Six Muslim schools threatened with closure

Ofsted inspectors criticise subjects focused on Islam and tolerance of extremist views

Pupils at six Muslim independent schools could be “vulnerable to extremist influences and radicalisation”, Chief Schools Inspector Sir Michael Wilshaw has warned.

In a letter to Education Secretary Nicky Morgan, the head of Ofsted said he believed “pupils’ physical and educational welfare is at serious risk”.

Ms Morgan contacted the schools in Tower Hamlets, London, and warned them they would be closed if they failed to draw up action plans to deal with inspectors’ complaints “within weeks”.

All six schools failed their inspections along with the state Sir John Cass Red Coat Church of England School, in Stepney, which The Independent revealed earlier this week would be criticised for failing to safeguard pupils from Islamic extremism.

Sir John Cass has previously been declared “outstanding”. The school and local authority were also told to draw up an action plan and face an inspection visit within six weeks.

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Sir Michael Wilshaw believes “pupils’ physical and educational welfare is at serious risk” (PA)

The reports revealed a range of failings – including pupils at one school being unable to distinguish whether it was more important to follow Sharia or British law. At another, girls were kept waiting for their lessons to resume every day while the boys and their male teachers went to visit a local mosque.

In his letter to Ms Morgan, Sir Michael said: “I am not convinced that the leaders of these schools have sufficient capacity to bring about the necessary improvements to safeguarding the curriculum and the quality of teaching and learning.”

Other key issues identified included history and geography only being taught through the history of Islam, one school where all the library books were in Arabic, and a teacher ignoring a student expressing extremist views in school work.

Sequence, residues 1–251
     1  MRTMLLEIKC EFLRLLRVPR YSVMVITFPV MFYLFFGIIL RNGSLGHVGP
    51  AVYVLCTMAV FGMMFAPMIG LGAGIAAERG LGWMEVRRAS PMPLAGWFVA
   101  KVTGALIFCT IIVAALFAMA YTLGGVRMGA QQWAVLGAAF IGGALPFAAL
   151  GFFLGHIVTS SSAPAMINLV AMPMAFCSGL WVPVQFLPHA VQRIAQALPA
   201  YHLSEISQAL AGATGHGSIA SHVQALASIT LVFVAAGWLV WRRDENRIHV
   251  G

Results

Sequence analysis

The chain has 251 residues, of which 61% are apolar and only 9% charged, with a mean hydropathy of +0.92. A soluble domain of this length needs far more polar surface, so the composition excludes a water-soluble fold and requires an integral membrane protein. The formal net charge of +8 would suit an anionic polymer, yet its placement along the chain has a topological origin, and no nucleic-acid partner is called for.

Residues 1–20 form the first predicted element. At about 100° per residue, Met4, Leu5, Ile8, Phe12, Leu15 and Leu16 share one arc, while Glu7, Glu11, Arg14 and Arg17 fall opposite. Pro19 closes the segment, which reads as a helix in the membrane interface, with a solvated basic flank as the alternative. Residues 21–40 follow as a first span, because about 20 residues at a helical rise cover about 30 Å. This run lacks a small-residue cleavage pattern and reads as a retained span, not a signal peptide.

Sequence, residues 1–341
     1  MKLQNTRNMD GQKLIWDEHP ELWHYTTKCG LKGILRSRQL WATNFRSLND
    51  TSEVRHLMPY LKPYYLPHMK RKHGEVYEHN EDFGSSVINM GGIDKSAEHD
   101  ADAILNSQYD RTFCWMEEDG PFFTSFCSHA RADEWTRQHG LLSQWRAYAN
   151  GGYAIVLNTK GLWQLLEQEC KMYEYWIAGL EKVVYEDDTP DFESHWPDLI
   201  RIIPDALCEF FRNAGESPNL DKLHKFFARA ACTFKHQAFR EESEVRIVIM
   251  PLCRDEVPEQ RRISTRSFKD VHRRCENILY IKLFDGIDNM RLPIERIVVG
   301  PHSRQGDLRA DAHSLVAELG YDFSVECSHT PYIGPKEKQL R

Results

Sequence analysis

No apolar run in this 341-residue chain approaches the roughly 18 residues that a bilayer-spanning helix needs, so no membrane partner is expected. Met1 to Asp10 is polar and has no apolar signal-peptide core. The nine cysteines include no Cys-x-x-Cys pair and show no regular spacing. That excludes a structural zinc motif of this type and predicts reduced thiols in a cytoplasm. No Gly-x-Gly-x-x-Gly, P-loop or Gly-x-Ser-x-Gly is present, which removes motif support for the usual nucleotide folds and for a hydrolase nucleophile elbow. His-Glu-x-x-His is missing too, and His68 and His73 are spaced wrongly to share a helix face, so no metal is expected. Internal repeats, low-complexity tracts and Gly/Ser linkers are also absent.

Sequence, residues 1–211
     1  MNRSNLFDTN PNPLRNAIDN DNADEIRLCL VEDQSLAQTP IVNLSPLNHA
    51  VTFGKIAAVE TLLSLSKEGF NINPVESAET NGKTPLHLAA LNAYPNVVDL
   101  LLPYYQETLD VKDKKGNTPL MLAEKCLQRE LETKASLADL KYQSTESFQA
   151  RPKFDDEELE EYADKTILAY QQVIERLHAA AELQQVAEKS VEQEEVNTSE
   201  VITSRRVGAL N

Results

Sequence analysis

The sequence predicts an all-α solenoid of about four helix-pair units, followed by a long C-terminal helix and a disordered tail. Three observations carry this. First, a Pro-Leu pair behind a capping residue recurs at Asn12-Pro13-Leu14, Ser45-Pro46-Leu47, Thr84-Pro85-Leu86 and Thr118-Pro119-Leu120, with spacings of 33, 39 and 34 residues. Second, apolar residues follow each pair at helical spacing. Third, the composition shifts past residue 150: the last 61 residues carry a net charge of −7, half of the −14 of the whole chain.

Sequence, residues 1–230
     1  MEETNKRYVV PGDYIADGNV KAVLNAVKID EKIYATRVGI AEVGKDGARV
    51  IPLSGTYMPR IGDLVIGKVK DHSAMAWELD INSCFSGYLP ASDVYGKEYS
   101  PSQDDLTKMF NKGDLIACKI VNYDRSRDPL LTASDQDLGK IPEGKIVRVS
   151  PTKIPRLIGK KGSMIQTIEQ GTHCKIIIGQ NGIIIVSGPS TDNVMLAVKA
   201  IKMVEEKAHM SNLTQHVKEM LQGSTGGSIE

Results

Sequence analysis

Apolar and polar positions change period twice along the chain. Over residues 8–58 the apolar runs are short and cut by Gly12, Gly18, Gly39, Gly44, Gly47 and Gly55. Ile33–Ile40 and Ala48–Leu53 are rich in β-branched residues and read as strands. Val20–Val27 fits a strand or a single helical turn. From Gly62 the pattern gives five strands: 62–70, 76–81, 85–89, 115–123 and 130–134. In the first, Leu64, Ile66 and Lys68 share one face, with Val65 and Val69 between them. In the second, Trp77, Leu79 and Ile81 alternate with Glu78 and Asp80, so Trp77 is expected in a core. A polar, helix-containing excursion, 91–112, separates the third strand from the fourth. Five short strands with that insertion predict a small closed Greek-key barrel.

Sir Michael said: “All schools focused intensively on developing Islamic knowledge and understanding at the expense of other important areas of the curriculum.

“In all schools, inspectors noted very limited opportunities to learn about history and geography other than those aspects relating to Islam… The lack of an appropriately broad and balanced curriculum was preparing pupils poorly for life in Britain today.”

Ms Morgan said: “The findings are very concerning. While there is no suggestion of a coordinated plot, it is clear that these schools are failing children and this is unacceptable. All schools must prepare children for life in modern Britain.

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In one school history and geography was only being taught through the history of Islam (Getty Images)

“We will be demanding urgent action plans from the independent schools and expect to see improvements within weeks. If changes are not made then we reserve the right to force the closures of the schools involved.”

Tony Mullee, chief executive of Sir John Cass’s foundation, said it was “greatly concerned” by the report, adding: “We remain committed to addressing the leadership, management and safeguarding issues raised in the report and will in future weeks be assessing the necessary action to return the school to an ‘outstanding’ rating.”

Leaders of Jamiatul Ummah School said they were “profoundly disappointed” by the report, adding that they believed Ofsted had “disproportionately emphasised” certain issues.

A joint statement from London East Academy and Al-Mizan School said they were “working hard together to make the required improvements”.

Numerous failings: Ofsted’s concerns

Ebrahim Academy “It does not prepare students for life in modern Britain. There is no provision for developing students’ creative skills or aesthetic appreciation.”

East London Islamic primary “Male teachers and boys make a daily visit to the East London mosque. Girls are required to wait for their return before lessons can resume.”

Mazahirul Uloom School “When discussing Sharia law and English law, [students] were unable to tell inspectors which laws they should follow and which were more important.”

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